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Marlins' first retired number ... Bleday?

2019 first-round Draft pick has face-of-the-franchise potential
@JoeFrisaro
April 9, 2020

MIAMI -- When the Marlins selected JJ Bleday with the No. 4 overall pick in the 2019 Draft, they believed they had found a future face of the franchise. The 22-year-old left-handed-hitting outfielder has the potential to be a perennial All-Star and long-term iconic fixture in the Marlins’ lineup. And

MIAMI -- When the Marlins selected JJ Bleday with the No. 4 overall pick in the 2019 Draft, they believed they had found a future face of the franchise.

The 22-year-old left-handed-hitting outfielder has the potential to be a perennial All-Star and long-term iconic fixture in the Marlins’ lineup. And if his career path plays out the way Miami hopes, Bleday may very well become the first Marlins player to ever have his jersey number officially retired.

That, of course, is looking far into the future. Still, it could be a distinct possibility.

Every team's retired numbers

Bleday wore No. 51 at Vanderbilt, where he was part of the 2019 national championship team, and in his first season of pro ball. For the Marlins, that was last worn by Ichiro Suzuki, who promises to have his number retired some day by the Mariners.

Barring a change when he eventually reaches the big leagues, Marlins jerseys with Bleday's No. 51 could very well be in high demand.

Since their inaugural season in 1993, the Marlins have never retired a player's number. Previously, No. 5 was retired in honor of the late Carl Barger, the organization’s first team president. Barger passed in '92, before the Marlins played a game. The No. 5 was retired as a tribute, because Barger’s all-time favorite player was Joe DiMaggio.

But in 2012, No. 5 was unretired for Logan Morrison.

The closest number to being officially retired by Miami is No. 16, last worn by the late José Fernández. While that number is not retired, it’s also not available.

And of course, No. 42 has been retired by MLB for all 30 clubs as a tribute to Jackie Robinson.

The Marlins have had internal discussions regarding establishing protocols for retiring numbers, but they don’t have any specifics at this time.

Getting to know Marlins prospect JJ Bleday

Besides Bleday, there could be some interesting candidates. Prospects like right-handers Sixto Sanchez and Edward Cabrera and shortstop Jazz Chisholm have tremendous upside and like Bleday, they project to be part of the Marlins' long-term core. Currently on the big league roster is third baseman Brian Anderson, who is getting closer to his prime and has All-Star potential.

Marlins have MLB Pipeline's No. 4 system

But Bleday may have the most upside. Ranked by MLB Pipeline as Miami’s No. 2 prospect, he also is ranked No. 28 on MLB Pipeline’s Top 100 list.

In 2019, he paced the NCAA with 27 home runs, while hitting .354.

“We always go for the most impactful piece,” Marlins president of baseball operations Michael Hill said last June after the club selected Bleday in the first round. “There were some very impactful college bats at the top of the Draft. So, good for us that we had the opportunity to evaluate those college bats. We're happy to add one to the mix, and to give us another potential impactful position-player piece that will help us win championships here.”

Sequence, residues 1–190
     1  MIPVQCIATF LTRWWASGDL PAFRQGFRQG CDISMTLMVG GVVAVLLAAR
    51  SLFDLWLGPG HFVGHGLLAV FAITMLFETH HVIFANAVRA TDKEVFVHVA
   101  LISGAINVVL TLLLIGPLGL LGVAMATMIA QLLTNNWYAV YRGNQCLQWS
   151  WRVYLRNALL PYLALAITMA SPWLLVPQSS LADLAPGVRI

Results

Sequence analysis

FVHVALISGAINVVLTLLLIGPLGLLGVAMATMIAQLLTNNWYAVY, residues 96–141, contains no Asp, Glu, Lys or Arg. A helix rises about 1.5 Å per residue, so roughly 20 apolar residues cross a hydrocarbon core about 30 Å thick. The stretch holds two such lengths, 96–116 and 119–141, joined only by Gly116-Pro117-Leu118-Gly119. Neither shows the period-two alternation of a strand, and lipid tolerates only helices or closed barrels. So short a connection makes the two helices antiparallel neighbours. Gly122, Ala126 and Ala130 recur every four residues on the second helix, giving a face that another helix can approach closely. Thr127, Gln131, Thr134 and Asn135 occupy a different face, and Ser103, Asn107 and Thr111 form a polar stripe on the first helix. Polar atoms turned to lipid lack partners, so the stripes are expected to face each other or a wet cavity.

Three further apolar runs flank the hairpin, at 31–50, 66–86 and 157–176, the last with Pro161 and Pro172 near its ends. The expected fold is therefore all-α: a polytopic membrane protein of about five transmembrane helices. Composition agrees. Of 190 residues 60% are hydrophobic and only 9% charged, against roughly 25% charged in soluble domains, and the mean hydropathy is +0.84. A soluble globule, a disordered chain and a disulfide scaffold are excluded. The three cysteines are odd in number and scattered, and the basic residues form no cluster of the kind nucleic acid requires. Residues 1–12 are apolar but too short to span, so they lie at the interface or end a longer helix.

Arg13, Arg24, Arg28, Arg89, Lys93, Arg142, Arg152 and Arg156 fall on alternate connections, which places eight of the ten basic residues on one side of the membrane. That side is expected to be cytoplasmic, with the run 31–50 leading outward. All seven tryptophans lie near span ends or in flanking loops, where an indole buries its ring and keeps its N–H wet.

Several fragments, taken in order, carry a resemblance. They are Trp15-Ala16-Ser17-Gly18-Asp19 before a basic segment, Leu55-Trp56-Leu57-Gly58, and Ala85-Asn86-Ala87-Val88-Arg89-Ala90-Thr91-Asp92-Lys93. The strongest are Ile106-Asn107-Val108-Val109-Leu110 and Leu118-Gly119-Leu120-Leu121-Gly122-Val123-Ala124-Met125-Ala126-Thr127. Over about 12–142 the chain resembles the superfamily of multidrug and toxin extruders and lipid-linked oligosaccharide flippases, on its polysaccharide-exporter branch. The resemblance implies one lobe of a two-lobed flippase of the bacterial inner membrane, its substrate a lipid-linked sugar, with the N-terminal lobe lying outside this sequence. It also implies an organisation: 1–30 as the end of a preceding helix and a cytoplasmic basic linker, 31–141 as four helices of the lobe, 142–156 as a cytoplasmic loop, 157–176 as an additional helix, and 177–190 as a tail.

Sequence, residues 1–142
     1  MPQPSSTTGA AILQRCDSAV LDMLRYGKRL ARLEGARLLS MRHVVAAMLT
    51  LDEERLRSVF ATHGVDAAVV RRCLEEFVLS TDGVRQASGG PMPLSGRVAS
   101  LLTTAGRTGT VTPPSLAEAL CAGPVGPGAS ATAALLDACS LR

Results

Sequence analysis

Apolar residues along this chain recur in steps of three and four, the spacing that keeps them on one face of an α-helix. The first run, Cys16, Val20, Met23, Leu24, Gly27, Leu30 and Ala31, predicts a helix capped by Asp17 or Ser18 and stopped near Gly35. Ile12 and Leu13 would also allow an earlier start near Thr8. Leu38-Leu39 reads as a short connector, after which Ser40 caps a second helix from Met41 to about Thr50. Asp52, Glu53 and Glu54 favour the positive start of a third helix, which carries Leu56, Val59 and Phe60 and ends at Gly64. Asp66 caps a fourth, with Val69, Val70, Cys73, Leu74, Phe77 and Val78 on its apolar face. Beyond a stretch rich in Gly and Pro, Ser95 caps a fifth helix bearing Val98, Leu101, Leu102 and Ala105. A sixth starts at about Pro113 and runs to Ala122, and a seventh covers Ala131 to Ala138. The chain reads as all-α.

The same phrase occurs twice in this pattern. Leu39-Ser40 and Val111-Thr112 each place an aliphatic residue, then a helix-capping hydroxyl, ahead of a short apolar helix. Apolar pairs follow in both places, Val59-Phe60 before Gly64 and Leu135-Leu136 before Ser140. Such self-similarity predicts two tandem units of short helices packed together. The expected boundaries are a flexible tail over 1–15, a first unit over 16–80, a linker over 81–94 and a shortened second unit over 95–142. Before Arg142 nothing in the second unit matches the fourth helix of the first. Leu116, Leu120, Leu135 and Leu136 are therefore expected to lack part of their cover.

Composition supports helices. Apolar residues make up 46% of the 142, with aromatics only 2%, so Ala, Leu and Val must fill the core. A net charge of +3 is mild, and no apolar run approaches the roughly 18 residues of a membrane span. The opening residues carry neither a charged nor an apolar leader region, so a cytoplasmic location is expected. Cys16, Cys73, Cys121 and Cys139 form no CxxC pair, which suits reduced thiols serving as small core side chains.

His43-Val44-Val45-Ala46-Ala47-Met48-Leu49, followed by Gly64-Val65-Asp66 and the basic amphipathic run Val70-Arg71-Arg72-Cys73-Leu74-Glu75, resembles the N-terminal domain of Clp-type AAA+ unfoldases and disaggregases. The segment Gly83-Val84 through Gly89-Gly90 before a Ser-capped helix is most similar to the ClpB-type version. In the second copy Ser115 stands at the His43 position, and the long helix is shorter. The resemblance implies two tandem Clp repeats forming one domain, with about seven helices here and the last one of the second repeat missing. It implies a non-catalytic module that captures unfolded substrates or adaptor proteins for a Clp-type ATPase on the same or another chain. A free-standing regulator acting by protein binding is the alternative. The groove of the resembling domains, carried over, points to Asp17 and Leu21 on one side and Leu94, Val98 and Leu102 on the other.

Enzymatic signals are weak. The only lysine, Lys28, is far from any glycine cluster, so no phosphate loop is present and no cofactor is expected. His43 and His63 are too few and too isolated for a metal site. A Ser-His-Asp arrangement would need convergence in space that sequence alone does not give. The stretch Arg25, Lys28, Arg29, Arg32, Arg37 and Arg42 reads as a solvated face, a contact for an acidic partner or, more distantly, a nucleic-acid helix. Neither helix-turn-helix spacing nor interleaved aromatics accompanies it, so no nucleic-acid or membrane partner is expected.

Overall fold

After signing with the Marlins, Bleday played at Class A Advanced Jupiter, and he either will open the upcoming season there or move up to Double-A Jacksonville.

In 38 games at Jupiter last season, Bleday hit .257/.311/.379 with three homers and 19 RBIs in 151 plate appearances.

As a non-roster invitee, Bleday was in his first big league Spring Training camp this year. In the Marlins’ first Grapefruit League game, on Feb. 22 against the Mets, Bleday singled to right off lefty Chasen Shreve, who has 218 games of MLB experience.

Marlins chief executive officer Derek Jeter, accompanied by other club officials, got a close look at Bleday, attending a Vanderbilt game in the Southeastern Conference Tournament last year in Hoover, Ala. Bleday had five hits that day against Auburn University.

DJ Svihlik, the Marlins' director of amateur scouting, previously was a hitting coach at Vanderbilt, and he has a history with Bleday.

“Given my track record with Vanderbilt, my history with JJ, and a first-year scouting director, that was a special pick one,” Svihlik said after selecting Bleday. “He's an extremely talented player. He's always been a very gifted hitter. I've seen him grow over the years. To select a premium college bat that's as established as him is really exciting, for both myself personally, but more importantly, this organization. I think we got a really exciting player."

Joe Frisaro has covered the Marlins for MLB.com since 2002. Follow him on Twitter @JoeFrisaro and listen to his podcast.